But what the results do suggest is that gerrymandering might not be the democracy-killer that some have made it out to be. An egregious gerrymander aimed at maximizing partisan advantage will leave little room for further map “improvements.” As natural thermostatic movement away from an incumbent party erodes the edges of that apparently entrenched majority, that party may be faced with the choice of reducing the scale of its majority to shore up what remains, or facing the possibility of a larger-scale defeat. That doesn’t mean gerrymandering should be permitted—there’s no good reason at all to let partisan politicians draw their own districts—but it does suggest that there are real practical limits to how much a majority party can do to prevent themselves from electoral accountability.
Or is there? While the map looks likely to be slightly more favorable to Democrats than the 2010 map that it will replace, it’s significantly more favorable to incumbents:
The far more dramatic effect of 2022 redistricting: a rise in the number of hyper-partisan seats at the expense of competitive ones. So far in completed states, the number of single-digit Biden and Trump seats has declined from 62 to 46 (a 26 percent drop). That means a House even less responsive to shifts in public opinion, with more ideological "cul-de-sac" districts where candidates' only electoral incentive is to play to a primary base.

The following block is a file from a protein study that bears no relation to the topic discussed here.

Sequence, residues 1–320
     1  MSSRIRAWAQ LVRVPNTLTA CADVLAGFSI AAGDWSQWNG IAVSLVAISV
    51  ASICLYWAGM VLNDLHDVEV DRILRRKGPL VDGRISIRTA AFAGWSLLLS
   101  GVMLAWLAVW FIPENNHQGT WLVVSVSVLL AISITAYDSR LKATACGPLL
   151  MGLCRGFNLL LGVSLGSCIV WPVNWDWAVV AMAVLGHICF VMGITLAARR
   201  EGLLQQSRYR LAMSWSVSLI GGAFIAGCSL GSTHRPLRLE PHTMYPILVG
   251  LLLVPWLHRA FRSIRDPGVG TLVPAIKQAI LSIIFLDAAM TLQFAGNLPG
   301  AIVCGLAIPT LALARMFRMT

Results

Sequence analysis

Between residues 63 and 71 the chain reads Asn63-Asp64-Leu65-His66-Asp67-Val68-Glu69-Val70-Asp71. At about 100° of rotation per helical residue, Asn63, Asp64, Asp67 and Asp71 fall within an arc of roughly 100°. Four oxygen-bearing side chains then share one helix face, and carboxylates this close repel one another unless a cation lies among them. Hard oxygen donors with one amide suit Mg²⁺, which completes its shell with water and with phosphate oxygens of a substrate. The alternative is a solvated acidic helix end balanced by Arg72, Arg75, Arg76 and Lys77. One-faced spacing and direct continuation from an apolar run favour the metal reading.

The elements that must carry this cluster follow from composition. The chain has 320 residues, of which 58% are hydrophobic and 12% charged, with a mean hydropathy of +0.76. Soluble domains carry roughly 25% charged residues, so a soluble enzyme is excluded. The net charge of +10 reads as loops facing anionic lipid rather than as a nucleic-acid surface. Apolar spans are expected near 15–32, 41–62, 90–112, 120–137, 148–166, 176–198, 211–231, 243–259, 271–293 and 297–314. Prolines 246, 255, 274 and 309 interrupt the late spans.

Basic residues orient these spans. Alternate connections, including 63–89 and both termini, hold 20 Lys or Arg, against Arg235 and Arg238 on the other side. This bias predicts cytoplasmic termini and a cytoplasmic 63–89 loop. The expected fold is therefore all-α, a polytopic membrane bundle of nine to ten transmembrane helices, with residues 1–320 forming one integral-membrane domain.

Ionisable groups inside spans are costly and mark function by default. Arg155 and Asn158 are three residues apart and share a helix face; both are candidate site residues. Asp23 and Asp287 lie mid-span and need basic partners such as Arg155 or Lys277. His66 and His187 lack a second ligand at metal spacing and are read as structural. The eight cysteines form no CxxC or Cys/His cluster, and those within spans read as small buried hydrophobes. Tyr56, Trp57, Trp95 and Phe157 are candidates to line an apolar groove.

I think there’s a good argument to be made that this, rather than partisan lean, is the true democracy-killing aspect of gerrymandering. Yes, in a given state, a Republican or Democratic majority can draw maps that tilt representation away from a “fair” partisan split—though what constitutes “fair” may also be debated. (There are Republicans in Manhattan, for example, but there’s no possible district you could draw where they would be a majority.) But there are diminishing returns to such a strategy. By contrast, it’s much more straightforward to minimize political risk to representatives from both parties—especially if the parties collude, as they are generally happy to do. Moreover, the process is self-reinforcing. As fewer and fewer districts are genuinely competitive, the parties become less and less responsive to anyone but the base voters who determine primary results—and this either causes less-partisan voters to drop out of the political process, or to choose sides perforce.